It has been found empirically that the problem of dripping liquid at the edges of the applicator is substantially alleviated by providing a liquid reservoir recess on the front face of the support panel behind the central portion of the applicator member. The reservoir recess temporarily stores the liquid adjacent, and behind, the central portion of the applicator member. This tends to insure that the central portion is adequately saturated with the liquid, while the flow of liquid is controlled to avoid excess saturation, and dripping at the outer edges of the applicator member. It has also been found empirically that this control of the liquid flow to the outer edges of the applicator member is greatly enhanced by tapering the depth of the reservoir recess so that it has its deepest end adjacent the opening receiving the liquid from the flexible tube. In order to force the liquid into the tapered recess, a ledge or ridge extends across the support panel at the deepest end of the recess. Liquid is thus stored and concentrated adjacent the central portion of the porous applicator member; and the greatest concentration of the liquid is at the deepest part of the recess adjacent the opening receiving the liquid and the ledge. In case too much liquid is absorbed by the porous applicator member, three auxiliary tapered reservoir recesses are provided on the support panel on the other side of the ledge. These auxiliary reservoir recesses are deepest at the end adjacent the ledge. This provides additional recesses at the central portion of the porous applicator in which the excess liquid may be stored. It has been found empirically that this further enhances the performance of the applicator in reducing the problem of dripping.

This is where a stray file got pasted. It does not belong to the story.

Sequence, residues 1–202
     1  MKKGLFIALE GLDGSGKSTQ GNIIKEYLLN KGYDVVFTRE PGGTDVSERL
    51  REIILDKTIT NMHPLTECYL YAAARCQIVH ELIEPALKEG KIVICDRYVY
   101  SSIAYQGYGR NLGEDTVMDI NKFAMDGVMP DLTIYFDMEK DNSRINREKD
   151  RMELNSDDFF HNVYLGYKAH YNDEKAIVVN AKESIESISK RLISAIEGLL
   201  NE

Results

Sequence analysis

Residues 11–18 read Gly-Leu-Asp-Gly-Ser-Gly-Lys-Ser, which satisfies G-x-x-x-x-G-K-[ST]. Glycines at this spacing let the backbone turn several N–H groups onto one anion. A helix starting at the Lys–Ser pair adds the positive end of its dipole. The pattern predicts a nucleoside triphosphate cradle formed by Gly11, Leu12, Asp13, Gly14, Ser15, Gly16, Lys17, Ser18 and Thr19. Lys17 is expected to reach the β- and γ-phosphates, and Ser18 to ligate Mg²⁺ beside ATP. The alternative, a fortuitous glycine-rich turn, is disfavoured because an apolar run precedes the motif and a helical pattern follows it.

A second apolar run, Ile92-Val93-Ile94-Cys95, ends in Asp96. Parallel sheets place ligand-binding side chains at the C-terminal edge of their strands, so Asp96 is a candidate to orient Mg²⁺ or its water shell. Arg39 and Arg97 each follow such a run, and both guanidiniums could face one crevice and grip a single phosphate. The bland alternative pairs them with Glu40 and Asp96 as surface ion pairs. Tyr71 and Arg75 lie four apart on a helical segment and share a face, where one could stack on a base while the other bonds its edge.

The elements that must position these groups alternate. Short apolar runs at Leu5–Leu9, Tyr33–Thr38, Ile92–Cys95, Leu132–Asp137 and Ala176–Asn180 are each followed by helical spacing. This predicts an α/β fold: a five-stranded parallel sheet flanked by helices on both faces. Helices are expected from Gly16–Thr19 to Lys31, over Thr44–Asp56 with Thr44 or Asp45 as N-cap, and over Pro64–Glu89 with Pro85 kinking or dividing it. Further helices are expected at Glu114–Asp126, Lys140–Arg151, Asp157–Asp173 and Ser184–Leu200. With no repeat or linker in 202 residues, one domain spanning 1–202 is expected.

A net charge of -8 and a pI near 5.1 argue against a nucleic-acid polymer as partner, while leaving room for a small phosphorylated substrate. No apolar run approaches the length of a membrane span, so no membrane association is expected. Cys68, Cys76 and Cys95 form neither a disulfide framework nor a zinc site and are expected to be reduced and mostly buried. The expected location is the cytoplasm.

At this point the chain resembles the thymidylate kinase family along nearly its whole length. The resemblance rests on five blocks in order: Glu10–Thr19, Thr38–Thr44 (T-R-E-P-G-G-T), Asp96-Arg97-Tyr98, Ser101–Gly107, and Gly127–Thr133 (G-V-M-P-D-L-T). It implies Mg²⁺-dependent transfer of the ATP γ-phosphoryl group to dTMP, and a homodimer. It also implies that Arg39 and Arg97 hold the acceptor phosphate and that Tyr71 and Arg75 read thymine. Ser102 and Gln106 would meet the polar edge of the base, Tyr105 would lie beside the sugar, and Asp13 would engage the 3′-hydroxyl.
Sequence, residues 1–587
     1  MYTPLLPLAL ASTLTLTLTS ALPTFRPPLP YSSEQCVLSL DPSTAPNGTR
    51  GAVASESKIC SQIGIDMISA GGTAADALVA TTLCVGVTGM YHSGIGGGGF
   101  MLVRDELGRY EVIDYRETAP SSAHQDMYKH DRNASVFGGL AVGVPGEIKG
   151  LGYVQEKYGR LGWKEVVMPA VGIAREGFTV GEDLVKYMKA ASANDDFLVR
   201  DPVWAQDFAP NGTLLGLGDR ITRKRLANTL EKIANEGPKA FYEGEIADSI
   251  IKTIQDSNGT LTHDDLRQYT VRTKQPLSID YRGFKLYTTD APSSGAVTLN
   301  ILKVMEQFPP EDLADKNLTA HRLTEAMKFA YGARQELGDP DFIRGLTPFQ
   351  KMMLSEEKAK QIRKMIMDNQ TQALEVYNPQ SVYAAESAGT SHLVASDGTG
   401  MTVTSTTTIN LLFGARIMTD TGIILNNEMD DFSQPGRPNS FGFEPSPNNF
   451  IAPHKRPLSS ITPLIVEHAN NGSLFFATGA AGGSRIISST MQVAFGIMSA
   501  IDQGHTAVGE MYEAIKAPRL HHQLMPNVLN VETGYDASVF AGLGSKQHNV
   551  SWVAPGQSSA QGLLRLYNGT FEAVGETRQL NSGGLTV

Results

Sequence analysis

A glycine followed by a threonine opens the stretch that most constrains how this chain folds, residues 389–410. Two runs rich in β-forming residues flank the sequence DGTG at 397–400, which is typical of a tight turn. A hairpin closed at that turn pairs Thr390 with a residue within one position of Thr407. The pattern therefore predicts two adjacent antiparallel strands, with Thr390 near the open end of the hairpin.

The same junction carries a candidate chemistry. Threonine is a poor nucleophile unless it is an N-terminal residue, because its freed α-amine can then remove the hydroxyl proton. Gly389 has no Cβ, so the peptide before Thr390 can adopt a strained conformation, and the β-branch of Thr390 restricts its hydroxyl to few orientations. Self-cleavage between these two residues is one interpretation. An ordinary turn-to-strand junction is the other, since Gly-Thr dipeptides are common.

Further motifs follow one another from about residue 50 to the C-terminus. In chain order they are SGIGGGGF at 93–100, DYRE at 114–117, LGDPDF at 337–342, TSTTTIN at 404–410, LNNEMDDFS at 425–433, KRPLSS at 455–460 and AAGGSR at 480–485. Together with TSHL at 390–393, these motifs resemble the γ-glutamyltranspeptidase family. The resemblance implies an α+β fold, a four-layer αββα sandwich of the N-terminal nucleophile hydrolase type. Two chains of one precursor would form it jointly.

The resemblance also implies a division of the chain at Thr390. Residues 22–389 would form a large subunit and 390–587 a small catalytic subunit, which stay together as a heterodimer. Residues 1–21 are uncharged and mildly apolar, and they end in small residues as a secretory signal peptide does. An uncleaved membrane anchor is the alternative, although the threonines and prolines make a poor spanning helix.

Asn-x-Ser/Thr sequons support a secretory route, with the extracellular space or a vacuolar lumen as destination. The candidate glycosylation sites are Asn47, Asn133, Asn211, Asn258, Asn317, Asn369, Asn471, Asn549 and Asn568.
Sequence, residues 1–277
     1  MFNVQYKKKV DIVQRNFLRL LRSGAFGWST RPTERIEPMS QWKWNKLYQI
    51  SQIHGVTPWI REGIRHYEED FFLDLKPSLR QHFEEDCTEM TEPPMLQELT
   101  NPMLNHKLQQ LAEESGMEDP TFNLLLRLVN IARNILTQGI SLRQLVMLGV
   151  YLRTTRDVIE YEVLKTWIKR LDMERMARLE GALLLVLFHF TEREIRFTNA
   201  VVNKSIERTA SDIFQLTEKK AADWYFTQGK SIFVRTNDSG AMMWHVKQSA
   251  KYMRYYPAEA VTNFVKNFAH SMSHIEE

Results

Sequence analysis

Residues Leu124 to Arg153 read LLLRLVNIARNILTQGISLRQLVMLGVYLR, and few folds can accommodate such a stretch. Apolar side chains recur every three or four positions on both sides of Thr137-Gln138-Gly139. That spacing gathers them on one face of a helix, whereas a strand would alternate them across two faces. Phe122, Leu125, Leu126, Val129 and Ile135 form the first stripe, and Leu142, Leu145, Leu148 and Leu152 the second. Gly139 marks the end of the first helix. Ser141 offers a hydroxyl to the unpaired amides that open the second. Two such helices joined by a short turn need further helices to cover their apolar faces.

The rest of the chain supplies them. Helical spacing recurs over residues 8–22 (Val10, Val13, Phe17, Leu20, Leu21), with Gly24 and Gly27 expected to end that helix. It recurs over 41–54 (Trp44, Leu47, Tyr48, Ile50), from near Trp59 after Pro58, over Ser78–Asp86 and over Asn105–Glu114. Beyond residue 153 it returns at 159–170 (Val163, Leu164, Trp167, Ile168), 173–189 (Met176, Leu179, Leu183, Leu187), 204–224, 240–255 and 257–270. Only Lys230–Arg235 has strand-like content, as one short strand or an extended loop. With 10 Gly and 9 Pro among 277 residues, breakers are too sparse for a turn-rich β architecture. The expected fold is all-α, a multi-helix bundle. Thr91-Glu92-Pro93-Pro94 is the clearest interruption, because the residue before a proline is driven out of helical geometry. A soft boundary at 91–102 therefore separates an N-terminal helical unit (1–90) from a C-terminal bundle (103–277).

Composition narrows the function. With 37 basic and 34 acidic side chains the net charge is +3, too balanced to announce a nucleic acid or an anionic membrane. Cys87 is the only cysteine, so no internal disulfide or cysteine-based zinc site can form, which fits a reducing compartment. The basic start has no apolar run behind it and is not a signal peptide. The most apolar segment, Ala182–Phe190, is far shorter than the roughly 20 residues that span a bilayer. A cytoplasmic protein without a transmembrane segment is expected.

One embodiment of the porous applicator member comprises a block of porous sponge, a flat wall of which faces and receives liquid from the liquid reservoir recesses. In order to provide easy access to corner and edge areas of a work surface, the outer edges of the porous applicator member extend beyond the edges of the support panel.
A second, and preferred embodiment, of the porous applicator member comprises a block of porous sponge of the same dimensions as the sponge of the first embodiment. For engaging the work surface, the sponge has a flocked, or brush, surface on the outer side of the porous sponge. This flocked surface is provided on the outer side of a flocked fabric which is adhesively secured to the outer side of the porous sponge.
In order to enhance the efficiency of the transfer of liquid from the liquid reservoir recess through the sponge, the glue securing the flocked fabric to the sponge, and flocked fabric, a number of parallel slits are cut through the sponge and flocked fabric. These may be confined to the central portion of the applicator member, but may extend over a larger portion of the member.
The device of the invention is of particular utility for dispensing and applying a stain. However, it will be understood, that it also may be used to dispense and apply other liquids, such as paint, wax, and detergents.
A clearer understanding of the present invention will be apparent from the following description and drawings, wherein;
FIG. 1 is a top view of a dispenser-applicator assembly of the invention with the applicator member shown in phantom line;
FIG. 2 is a side elevation of the assembly of FIG. 1;
FIG. 3 is a section view along the line 3--3 of the assembly of FIG. 1;
FIG. 4 is a bottom view of the assembly of FIG. 1 with the first embodiment of the applicator member shown in phantom line;